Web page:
Friday 23rd April: Real Madrid president and ESL founder Florentino Pérez says that the project ‘is not over’. Arsenal fans demonstrate against Stan Kroenke and the Arsenal hierarchy at the Emirates Stadium on Friday, in an attempt to pressure him to sell the club.
So where do we go from here?
Owners of the six English clubs head back to the Premier League clubs with their tails between their legs (no surprise there) and their seat at the table in review.
With sanctions pending for these clubs, who knows what will happen? Will it be financial, will it be points docking, or will the actual individuals be punished (ie the owners)? One thing’s for sure (at executive level), the relationship between the big six and the rest will never be the same.
If there are three clubs that need this windfall more than anything, it’s the three clubs still yet to announce their withdrawal. Catalan giants Barcelona are nowhere near fit to be challenging for Europe’s premier prize, carrying astronomical debts, still owing clubs like Liverpool and Atletico payments for the purchase of their previously prized assets in Coutinho and Griezmann.
As for Real Madrid president Florentino Perez, he is clearly seeing nothing but green; so the European Super League may not happen, but in his own words, it is now “on standby”. There have since been murmurings of a Mediterranean Super League, bringing together La Liga and Serie A in a hope to keep the momentum alive.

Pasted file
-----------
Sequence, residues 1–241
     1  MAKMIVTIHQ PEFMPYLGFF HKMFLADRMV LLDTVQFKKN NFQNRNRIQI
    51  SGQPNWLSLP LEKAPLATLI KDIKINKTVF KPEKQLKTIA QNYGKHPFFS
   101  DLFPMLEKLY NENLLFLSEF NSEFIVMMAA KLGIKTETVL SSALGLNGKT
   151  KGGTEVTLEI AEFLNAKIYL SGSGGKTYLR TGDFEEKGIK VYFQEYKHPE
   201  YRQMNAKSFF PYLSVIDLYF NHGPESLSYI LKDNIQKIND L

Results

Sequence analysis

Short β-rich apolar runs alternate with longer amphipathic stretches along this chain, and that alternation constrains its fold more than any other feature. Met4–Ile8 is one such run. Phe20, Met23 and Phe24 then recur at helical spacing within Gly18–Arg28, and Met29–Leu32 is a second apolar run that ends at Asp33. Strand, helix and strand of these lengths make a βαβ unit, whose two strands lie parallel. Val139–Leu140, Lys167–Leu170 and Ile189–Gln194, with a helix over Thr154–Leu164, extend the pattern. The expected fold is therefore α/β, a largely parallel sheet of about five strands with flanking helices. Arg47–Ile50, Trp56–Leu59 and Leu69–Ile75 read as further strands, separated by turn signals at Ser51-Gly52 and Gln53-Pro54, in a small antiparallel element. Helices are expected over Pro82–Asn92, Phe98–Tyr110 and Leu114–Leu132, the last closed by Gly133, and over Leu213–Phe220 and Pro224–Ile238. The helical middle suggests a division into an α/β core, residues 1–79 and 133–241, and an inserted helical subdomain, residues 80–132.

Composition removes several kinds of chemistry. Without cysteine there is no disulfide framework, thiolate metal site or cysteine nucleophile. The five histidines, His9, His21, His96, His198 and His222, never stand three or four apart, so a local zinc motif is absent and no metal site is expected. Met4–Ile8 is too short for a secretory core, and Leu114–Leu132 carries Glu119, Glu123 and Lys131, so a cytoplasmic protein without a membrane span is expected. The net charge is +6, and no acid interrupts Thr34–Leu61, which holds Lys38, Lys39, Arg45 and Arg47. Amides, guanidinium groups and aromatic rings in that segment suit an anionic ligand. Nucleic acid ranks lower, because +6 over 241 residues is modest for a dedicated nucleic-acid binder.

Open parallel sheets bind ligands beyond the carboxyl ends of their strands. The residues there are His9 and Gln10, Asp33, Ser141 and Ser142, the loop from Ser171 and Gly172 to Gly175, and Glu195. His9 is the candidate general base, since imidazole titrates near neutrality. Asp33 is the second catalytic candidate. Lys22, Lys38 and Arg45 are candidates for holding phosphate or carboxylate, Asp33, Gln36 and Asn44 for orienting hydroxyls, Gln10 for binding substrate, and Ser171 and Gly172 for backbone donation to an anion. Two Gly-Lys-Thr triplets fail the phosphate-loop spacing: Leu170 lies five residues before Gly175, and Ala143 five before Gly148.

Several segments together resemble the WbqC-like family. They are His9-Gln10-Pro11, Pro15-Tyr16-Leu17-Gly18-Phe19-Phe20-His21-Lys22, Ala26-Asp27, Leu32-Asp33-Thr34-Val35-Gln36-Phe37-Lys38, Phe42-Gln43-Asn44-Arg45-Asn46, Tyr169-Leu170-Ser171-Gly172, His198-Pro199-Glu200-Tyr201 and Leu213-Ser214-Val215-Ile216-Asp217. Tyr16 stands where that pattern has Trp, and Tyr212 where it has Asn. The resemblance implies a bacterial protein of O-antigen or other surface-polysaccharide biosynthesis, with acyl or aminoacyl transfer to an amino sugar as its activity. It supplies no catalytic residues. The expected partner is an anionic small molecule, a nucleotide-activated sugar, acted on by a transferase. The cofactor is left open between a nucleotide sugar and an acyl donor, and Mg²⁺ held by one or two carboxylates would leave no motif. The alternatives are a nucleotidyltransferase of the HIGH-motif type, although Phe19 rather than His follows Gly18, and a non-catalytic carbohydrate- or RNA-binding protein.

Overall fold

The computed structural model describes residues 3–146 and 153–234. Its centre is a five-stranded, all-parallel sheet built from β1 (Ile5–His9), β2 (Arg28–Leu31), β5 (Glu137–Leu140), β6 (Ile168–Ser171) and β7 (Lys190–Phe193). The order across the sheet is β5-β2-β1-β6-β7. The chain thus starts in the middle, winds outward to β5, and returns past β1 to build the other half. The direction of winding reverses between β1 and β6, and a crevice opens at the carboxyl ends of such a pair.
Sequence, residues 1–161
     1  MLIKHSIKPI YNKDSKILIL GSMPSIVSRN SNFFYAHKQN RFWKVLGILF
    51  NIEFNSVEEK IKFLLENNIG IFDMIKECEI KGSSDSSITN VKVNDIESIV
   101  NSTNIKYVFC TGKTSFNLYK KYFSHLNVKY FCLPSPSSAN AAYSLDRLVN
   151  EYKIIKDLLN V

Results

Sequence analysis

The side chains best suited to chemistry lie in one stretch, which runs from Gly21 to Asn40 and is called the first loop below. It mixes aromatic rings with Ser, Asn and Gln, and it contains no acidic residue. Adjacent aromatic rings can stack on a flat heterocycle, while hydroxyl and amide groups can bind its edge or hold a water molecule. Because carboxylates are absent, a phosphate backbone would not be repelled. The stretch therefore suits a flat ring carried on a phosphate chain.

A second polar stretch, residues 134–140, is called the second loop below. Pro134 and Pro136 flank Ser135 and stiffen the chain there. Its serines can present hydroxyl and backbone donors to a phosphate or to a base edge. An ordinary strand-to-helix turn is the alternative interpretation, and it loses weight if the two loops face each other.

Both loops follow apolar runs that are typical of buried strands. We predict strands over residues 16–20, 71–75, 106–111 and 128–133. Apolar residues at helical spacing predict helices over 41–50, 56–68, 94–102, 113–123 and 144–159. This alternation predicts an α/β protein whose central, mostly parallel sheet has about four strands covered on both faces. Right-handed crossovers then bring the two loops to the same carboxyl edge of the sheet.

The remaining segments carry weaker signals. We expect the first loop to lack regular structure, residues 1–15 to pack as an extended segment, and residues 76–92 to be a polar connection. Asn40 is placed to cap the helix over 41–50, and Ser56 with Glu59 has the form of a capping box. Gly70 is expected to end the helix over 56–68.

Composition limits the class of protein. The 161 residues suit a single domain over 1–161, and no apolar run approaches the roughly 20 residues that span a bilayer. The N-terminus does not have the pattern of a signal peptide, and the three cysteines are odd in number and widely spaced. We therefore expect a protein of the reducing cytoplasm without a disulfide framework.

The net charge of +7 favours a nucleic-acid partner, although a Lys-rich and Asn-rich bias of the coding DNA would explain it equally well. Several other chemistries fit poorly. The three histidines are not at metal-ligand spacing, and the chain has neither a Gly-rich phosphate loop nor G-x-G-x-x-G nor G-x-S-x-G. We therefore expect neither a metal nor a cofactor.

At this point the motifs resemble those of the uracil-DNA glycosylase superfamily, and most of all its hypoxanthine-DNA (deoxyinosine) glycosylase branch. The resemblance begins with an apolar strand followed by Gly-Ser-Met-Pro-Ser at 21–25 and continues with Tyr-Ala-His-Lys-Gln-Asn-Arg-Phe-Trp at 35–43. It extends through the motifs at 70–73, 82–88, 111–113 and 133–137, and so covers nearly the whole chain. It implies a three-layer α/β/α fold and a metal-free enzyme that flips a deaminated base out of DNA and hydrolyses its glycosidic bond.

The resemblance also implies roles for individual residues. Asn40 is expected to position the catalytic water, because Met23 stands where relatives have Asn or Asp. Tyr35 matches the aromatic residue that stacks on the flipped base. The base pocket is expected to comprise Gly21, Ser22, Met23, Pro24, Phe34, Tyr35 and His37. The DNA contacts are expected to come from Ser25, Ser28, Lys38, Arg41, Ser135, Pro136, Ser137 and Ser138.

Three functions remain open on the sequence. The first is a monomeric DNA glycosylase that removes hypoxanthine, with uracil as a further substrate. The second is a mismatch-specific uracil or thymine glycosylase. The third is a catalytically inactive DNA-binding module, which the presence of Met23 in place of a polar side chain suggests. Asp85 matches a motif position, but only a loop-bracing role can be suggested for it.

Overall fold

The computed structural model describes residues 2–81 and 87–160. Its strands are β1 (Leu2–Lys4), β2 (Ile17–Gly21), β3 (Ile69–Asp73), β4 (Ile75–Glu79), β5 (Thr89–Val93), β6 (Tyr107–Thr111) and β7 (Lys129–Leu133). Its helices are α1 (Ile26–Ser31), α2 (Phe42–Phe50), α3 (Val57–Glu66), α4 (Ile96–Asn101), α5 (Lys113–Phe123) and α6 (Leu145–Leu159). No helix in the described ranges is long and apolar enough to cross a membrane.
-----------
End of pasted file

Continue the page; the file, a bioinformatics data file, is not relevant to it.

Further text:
If there is an ounce of truth in it, this could be the merge of all merges. A league with a roster of historically great clubs including both Madrid sides, Barcelona, Sevilla and Valencia coupled with the two Milan sides, the two Rome sides, Juventus and Napoli.
The cluster of “the best of the rest including Getafe, Atalanta, Villarreal and more, could prove to be the first real competitor to the Premier League’s global appeal.
One thing that he will have to negotiate with now, is where the financing will be sourced from, with the major announcement that J.P. Morgan have withdrawn their funding, a catastrophe for Florentino Perez’s power play.
If his stranglehold on the Real Madrid presidency over the 21st century is anything to go by, just know he’s got something else up his sleeve to rattle Europe that not even his former Super League counterparts will be ready for.